Monophosphoryl lipid A: A novel nitric oxide-mediated therapy to attenuate platelet thrombosis?

Karin Przyklenk, Katsuya Hata, Peter Whittaker, Gary T. Elliott

Research output: Contribution to journalArticlepeer-review

7 Scopus citations


Nitric oxide (NO) is a potent inhibitor of platelet aggregation. However, the benefits of NO-based therapies can be confounded by concomitant hypotension. Monophosphoryl lipid A (MLA) is a nontoxic derivative of endotoxin that purportedly increases nitric oxide synthase (NOS) activity and, presumably, NO production, yet has a hemodynamically benign profile. Thus our aims were to determine whether (a) MLA attenuates in vivo platelet aggregation in damaged and stenotic canine coronary arteries by a NO-mediated mechanism but without reductions in arterial pressure; and (b) the platelet inhibitory effects are manifest in vitro. To address the first aim, anesthetized dogs underwent coronary injury ± stenosis, resulting in cyclic variations in coronary blood flow (CFVs) caused by the formation/dislodgement of platelet-rich thrombi. In protocol I, dogs received MLA (100 μg/kg ± 40 μg/kg/h) or vehicle beginning 15 min before stenosis. Protocol II was identical, except the NOS inhibitor aminoguanidine was coadministered with MLA/vehicle. Coronary patency was assessed throughout the initial 3 h after injury ± stenosis. Infusion of MLA did not result in hypotension. However, in protocol I. the median nadir of the CFVs was higher (2.1 vs. 0.8 ml/min: p < 0.05), median duration of total thrombotic occlusion tended to be reduced (0 vs. 10.4 min; p = 0.1), and mean flow-time area, expressed as a percentage of baseline flow, was increased (53 ± 9% vs. 33 ± 3%; p < 0.05) in MLA- treated versus vehicle-treated dogs. In contrast, in protocol II, vessel patency was comparable in both groups. Finally, whole blood impedance aggregometry (protocol III) revealed a significant reduction in the in vitro platelet aggregation in blood samples receiving exogenous MLA, which was blocked by coadministration of exogenous aminoguanidine. Thus MLA attenuates platelet-mediated thrombosis in both damaged and stenotic canine coronary arteries and in vitro, possibly by an NO-mediated mechanism, but without concomitant hypotension.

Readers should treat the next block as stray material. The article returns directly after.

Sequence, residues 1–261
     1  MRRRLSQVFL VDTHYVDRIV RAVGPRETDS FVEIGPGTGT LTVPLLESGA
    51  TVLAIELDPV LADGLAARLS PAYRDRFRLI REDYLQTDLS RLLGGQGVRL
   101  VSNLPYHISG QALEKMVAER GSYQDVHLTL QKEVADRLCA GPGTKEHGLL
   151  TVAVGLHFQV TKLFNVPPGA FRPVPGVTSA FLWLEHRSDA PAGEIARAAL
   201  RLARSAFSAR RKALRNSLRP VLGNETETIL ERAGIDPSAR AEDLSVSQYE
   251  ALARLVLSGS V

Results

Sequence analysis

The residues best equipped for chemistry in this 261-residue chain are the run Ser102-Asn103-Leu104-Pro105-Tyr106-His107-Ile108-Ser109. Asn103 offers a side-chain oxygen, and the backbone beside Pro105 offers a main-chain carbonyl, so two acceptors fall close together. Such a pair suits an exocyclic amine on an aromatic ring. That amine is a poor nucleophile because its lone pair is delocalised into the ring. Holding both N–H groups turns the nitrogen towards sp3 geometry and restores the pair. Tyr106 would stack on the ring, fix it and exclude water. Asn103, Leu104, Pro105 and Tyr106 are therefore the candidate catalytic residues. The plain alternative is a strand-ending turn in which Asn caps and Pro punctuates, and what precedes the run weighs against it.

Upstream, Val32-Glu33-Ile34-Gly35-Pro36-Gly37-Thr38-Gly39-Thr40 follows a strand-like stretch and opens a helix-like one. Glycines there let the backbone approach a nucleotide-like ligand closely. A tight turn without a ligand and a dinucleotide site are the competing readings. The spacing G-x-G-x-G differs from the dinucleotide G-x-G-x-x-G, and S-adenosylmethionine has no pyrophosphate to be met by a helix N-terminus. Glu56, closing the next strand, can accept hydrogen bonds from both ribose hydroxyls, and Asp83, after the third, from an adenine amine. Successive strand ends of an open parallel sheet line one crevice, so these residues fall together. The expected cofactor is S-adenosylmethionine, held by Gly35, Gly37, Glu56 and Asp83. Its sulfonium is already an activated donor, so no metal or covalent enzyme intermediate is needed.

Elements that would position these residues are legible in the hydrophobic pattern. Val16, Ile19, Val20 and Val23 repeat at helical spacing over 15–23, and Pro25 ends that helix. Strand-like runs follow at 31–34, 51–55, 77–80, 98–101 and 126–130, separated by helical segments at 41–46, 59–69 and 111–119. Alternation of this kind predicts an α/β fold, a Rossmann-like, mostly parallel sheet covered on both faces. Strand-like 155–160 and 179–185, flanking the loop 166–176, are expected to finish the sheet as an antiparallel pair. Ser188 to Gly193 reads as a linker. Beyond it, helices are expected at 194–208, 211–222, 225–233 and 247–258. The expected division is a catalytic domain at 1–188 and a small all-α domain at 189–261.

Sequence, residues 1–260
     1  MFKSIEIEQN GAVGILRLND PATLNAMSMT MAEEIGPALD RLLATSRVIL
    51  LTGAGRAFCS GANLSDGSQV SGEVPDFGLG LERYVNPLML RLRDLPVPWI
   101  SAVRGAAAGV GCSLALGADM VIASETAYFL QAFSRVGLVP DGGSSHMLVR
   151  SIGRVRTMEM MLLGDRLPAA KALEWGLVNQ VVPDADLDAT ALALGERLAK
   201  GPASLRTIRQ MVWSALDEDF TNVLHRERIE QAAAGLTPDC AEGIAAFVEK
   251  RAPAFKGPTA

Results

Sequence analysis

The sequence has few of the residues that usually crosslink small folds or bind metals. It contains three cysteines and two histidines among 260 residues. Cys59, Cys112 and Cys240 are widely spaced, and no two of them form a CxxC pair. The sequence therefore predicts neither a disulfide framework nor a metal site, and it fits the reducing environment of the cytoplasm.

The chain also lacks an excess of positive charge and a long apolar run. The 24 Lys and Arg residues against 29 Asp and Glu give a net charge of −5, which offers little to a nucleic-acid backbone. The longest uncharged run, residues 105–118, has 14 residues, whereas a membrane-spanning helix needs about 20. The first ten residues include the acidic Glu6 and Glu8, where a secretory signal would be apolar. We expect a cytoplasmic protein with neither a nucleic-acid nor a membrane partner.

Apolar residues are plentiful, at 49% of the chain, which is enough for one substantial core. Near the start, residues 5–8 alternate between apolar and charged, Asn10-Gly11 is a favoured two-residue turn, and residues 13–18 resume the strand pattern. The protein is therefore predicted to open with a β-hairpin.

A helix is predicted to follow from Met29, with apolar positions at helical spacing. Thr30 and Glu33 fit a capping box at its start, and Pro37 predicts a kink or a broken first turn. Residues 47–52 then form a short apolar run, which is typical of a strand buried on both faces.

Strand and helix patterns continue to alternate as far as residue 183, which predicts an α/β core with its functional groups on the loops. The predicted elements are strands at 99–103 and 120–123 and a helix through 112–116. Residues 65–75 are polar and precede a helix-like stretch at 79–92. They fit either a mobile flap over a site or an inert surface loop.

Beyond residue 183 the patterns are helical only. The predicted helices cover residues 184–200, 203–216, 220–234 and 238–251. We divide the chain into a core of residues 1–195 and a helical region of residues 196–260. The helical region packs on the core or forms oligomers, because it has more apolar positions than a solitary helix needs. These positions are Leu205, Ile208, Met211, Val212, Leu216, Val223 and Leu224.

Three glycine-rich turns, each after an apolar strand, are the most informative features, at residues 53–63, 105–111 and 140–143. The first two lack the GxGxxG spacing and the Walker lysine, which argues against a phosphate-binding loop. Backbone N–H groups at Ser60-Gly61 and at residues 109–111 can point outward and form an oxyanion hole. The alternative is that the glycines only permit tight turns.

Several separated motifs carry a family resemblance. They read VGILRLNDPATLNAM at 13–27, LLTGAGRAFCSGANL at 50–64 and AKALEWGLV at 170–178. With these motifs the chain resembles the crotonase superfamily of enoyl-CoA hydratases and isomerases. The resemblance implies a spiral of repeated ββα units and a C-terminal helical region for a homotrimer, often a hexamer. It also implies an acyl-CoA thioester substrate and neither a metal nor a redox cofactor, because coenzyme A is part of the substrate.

Original languageEnglish
Pages (from-to)366-375
Number of pages10
JournalJournal of Cardiovascular Pharmacology
Issue number3
StatePublished - 2000


  • Coronary thrombosis
  • Endotoxin
  • Monophosphoryl lipid A
  • Nitric oxide
  • Platelet aggregation


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